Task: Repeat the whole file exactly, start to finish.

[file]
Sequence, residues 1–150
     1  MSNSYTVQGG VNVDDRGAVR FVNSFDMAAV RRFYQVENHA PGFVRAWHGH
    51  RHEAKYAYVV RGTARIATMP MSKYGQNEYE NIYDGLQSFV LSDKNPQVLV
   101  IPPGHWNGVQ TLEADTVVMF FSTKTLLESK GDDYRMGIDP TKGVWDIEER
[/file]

Sequence, residues 1–150
     1  MSNSYTVQGG VNVDDRGAVR FVNSFDMAAV RRFYQVENHA PGFVRAWHGH
    51  RHEAKYAYVV RGTARIATMP MSKYGQNEYE NIYDGLQSFV LSDKNPQVLV
   101  IPPGHWNGVQ TLEADTVVMF FSTKTLLESK GDDYRMGIDP TKGVWDIEER